Second, if the project level meeting is not successful in resolving the dispute within a certain time frame, such as 30 days after submission of the claim or dispute for example, the next step should be a required in-person meeting at the executive level of the respective companies within another set time period. The intent with this type of meeting is to move it from the project level participants, who may be very personally invested and whose emotions may run higher, to the executive level where the participants would be less likely to be day to day project participants and may be able to take a more holistic and potentially more objective view of the dispute.
This should also be a face to face meeting, and generally should not have legal counsel in attendance at the meeting in order to try to facilitate practical negotiations less focused on adversarial legal positions. Oftentimes, executives may be able to see the bigger picture and have more authority and flexibility to be able to come to a resolution that could not have been reached by the project level participants.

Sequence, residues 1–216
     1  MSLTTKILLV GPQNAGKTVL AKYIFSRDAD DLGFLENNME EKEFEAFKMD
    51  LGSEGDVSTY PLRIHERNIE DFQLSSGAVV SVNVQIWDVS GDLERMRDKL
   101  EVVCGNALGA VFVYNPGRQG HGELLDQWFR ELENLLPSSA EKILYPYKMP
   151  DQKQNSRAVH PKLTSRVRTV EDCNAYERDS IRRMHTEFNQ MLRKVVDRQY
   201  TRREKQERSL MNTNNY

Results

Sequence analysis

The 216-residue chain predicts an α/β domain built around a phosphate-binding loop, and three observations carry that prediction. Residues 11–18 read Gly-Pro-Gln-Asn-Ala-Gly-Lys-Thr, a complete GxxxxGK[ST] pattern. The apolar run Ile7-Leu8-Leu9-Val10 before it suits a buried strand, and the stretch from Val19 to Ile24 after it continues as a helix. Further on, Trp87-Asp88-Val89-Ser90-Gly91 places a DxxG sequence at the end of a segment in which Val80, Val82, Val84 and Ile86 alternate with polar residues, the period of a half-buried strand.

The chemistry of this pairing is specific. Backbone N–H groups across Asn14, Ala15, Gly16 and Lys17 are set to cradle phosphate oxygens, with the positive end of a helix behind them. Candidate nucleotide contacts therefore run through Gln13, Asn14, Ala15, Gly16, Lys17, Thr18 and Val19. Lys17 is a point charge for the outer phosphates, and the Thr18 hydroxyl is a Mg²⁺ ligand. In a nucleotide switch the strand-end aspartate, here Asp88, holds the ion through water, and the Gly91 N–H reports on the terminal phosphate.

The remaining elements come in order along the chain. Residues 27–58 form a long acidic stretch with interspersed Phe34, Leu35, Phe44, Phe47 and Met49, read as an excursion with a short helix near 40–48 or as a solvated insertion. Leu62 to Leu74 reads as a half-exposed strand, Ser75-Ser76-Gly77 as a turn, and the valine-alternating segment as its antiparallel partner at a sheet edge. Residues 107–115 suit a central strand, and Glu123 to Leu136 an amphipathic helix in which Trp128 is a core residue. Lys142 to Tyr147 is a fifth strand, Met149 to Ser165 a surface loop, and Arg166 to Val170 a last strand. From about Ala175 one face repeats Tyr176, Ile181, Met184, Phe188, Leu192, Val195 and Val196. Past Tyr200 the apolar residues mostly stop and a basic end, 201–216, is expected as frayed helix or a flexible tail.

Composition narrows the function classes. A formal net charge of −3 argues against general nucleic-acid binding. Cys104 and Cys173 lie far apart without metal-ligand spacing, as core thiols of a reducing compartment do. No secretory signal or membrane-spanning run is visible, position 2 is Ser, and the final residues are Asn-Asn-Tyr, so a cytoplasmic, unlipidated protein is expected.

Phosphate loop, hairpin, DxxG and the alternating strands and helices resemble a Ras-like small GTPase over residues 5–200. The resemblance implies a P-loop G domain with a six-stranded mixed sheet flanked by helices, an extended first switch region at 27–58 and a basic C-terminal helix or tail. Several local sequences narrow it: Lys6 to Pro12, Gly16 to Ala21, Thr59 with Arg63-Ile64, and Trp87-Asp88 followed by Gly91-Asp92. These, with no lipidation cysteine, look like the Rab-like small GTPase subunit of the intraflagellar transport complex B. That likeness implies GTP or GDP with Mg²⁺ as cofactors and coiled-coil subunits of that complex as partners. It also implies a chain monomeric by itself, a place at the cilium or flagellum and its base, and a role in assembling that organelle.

Mandatory Pre-Suit Mediation
If the project level and subsequent executive level meetings are not successful in resolving the dispute after an agreed time period, then the next required step should be mediation. Mediation should be identified in the contract as a mandatory condition precedent to institution of legal action or arbitration so that mediation has to occur first, unless both parties agree to waive the requirement.
Mediation is a structured settlement conference managed by a professional and trained mediator whose job it is to work with the parties to try to resolve their dispute. While the mediator cannot make any rulings or force the parties to resolve their dispute, the mediator will often be an attorney with experience in construction law and special training in dispute resolution who should be able to provide the parties with an outside view on how a judge or arbitrator might view their dispute and can point out significant issues with the parties' respective claims and defenses. This is particularly true where the parties provide in the contract for the mediation to be administered under the construction industry mediation rules of organizations like the American Arbitration Association ("AAA") or JAMS, which have large lists of mediators specializing in mediating construction industry disputes. In addition, most states have laws that make what is said or presented during mediation by the parties or mediator completely confidential, and not admissible in court or arbitration, in order to try to encourage frank and open settlement discussions.